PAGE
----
Short sales are a complicated process and it’s important to be diligent about the entire process of requesting help. As we stated earlier, it’s in the bank’s best interest to get the most amount of money from lending money for your property. They decided to lend to you because they saw a capital interest in financing your home. You aren’t just paying them the money you borrowed, you are paying them interest… and while 5% doesn’t seem like much, over time it can be over twice the original amount of money they lent to you. Because of this, it’s in their best interest to get paid monthly… If that’s not happening, their next option is to try to recover as much money as they possibly can from the sale of the house, whether that be through foreclosure or a short sale.

It generally costs a bank more money the longer a homeowner waits to seek help. The longer  that a homeowner is insolvent the more money it costs the bank because of the time it takes to enter foreclosure or to execute a short sale. Either way the bank is waiting on it’s money for longer than it planned for on it’s books. Because of this, even if you are a distressed homeowner, they will generally be more willing to help a proactive homeowner. 

If you are in fear that you might not be able to pay your mortgage soon or already in default, please contact us for help. We encourage you to do so as quickly as possible so we can begin the process of investigating whether you’re a good candidate for a short sale. 

3. Foreclosure for Mortgage relief:

This is the last and final resort for mortgage relief and is the most impactful form of “mortgage relief” on your credit, family and personal stress levels. We STRONGLY recommend against foreclosure if you can help it. In essence, the only reason why foreclosure is a form of mortgage relief is because it’s when you ultimately cannot pay your mortgage anymore and stop making payments. Typically foreclosure starts when you stop paying your mortgage for a few months. 

**Each state works differently when it comes to foreclosure. We at Mortgage Relief work only in Oklahoma and Ohio right now, but plan on opening up our services nationwide when we can. 

What is Foreclosure?

Simply put, foreclosure is the repossession of a property when a homeowner fails to make payments on their mortgage. This happens in stages, pre-foreclosure being the first step in the process. The homeowner will be notified that the bank is starting the foreclosure process and are giving public notice about the insolvency of the homeowner and their plans to foreclose on the property. 

There are two types of foreclosure:
  • Judicial Foreclosure which is done by filing a lawsuit against the homeowner and can lead to foreclosure as well as other consequences that we’ll talk about in a second.
  • Non-judicial Foreclosure in which the lender can foreclose on the homeowner without taking them to court, this still carries many consequences, sometimes exactly the same as judicial foreclosure. 

Foreclosure will affect your credit score and ability to buy a house for up to 7 years. It’s extremely damaging to your credit score/report and can have a negative impact on other parts of your life including your ability to be hired for certain jobs, the types of security clearances that might apply to you, and others…

We won’t spend any more time on foreclosure… the most you need to know is that you should avoid it at all costs. That’s why we’re here, if you think you’re on your way towards foreclosure or if you’ve received legal notices from your lender, contact us immediately.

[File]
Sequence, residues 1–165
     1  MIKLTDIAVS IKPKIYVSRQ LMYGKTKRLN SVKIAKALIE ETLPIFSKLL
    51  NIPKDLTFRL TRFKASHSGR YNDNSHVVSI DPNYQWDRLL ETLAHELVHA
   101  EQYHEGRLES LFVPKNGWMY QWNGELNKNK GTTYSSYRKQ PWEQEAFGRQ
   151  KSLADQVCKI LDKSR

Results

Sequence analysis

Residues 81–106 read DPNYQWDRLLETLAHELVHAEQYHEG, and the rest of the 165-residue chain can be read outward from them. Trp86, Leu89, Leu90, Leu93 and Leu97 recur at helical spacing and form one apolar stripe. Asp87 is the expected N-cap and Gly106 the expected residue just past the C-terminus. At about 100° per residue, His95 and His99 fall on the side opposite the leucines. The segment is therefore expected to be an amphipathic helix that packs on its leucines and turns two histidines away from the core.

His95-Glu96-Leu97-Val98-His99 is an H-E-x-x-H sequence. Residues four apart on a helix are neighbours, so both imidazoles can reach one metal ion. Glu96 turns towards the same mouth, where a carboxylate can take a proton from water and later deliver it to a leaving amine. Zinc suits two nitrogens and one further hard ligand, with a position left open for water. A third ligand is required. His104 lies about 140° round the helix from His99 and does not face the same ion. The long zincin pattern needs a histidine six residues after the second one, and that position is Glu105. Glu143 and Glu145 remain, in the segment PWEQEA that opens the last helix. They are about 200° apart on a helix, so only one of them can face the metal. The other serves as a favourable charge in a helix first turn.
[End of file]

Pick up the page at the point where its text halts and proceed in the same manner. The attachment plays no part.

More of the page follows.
4. Refinancing Your Home for Mortgage Relief:

If you have good credit and a good loan to value ratio, refinancing may be an option that you should consider, although for many that are struggling to pay their mortgage, it might be hard to prove income and in turn qualify for refinancing their home. 

If you think you might qualify for refinancing your home, contact your lender before you miss any payments! Missed payments will affect your credit score and severely affect your ability to refinance. 

Refinancing your home might be a viable option to find mortgage relief. Call your lender immediately and request every available option for mortgage relief including asking about the possibility of refinancing your home in order to pull money out to help with your payments while you look for new employment or reorganize your financial situation to be able to pay your mortgage in a timely manner. 

5.  A Deed-in-lieu of foreclosure for mortgage relief:

Similar to a short sale, the bank may accept the repossession of your house without undergoing the foreclosure process. This can help save you the painful process of foreclosure but may not be your best option. A deed-in-lieu of foreclosure carries its own set of consequences to your credit score and ability to purchase a house in the future. 

A deed-in-lieu of foreclosure is when the bank decides to accept the property in lieu of pursuing foreclosure of the property. In essence it’s a foreclosure without the formal proceedings or processes that are involved with a foreclosure. 

Again, this is a last resort and we recommend that you pursue other options before attempting to execute a deed-in-lieu of foreclosure on your property with your lender. 

In conclusion: 

There are many types of mortgage relief and none are fun. We never set out to buy a house without the ability to pay the mortgage. For many homeowners the intention when you bought your house was to create a home out of it, not to get into financial trouble with it. The last thing we want is to deal with foreclosure or financial difficulties, but it can happen to everyone… And that’s why we exist, to help distressed homeowners navigate their way out of mortgage insolvency through short sales. It’s the best option for many homeowners and their families. It allows many homeowners to purchase another home sooner and has less of an impact on their credit scores, their emotional well-being and their pride. 

If you are struggling to find relief from your mortgage and concerned about your ability to make payments, are already late on payments or have been filed on by your lender, please do yourself a favor and allow us to see if you qualify for a short sale. 

Contact us today and we’ll be happy to assist you in getting the mortgage relief you need!